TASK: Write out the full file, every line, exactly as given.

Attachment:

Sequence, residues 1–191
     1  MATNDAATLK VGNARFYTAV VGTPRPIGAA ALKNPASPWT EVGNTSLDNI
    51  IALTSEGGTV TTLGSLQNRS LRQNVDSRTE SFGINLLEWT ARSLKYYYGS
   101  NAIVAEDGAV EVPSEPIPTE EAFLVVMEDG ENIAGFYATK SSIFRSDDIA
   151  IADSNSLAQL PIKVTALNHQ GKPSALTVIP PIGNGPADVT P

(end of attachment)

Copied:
Sequence, residues 1–191
     1  MATNDAATLK VGNARFYTAV VGTPRPIGAA ALKNPASPWT EVGNTSLDNI
    51  IALTSEGGTV TTLGSLQNRS LRQNVDSRTE SFGINLLEWT ARSLKYYYGS
   101  NAIVAEDGAV EVPSEPIPTE EAFLVVMEDG ENIAGFYATK SSIFRSDDIA
   151  IADSNSLAQL PIKVTALNHQ GKPSALTVIP PIGNGPADVT P